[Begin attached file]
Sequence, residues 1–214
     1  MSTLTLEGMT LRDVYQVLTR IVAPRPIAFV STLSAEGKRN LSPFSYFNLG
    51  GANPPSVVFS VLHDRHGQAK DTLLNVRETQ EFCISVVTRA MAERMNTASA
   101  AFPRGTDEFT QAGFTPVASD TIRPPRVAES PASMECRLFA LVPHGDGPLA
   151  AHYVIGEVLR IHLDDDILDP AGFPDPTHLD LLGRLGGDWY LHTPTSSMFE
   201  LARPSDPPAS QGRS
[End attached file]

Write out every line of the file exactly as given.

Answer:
Sequence, residues 1–214
     1  MSTLTLEGMT LRDVYQVLTR IVAPRPIAFV STLSAEGKRN LSPFSYFNLG
    51  GANPPSVVFS VLHDRHGQAK DTLLNVRETQ EFCISVVTRA MAERMNTASA
   101  AFPRGTDEFT QAGFTPVASD TIRPPRVAES PASMECRLFA LVPHGDGPLA
   151  AHYVIGEVLR IHLDDDILDP AGFPDPTHLD LLGRLGGDWY LHTPTSSMFE
   201  LARPSDPPAS QGRS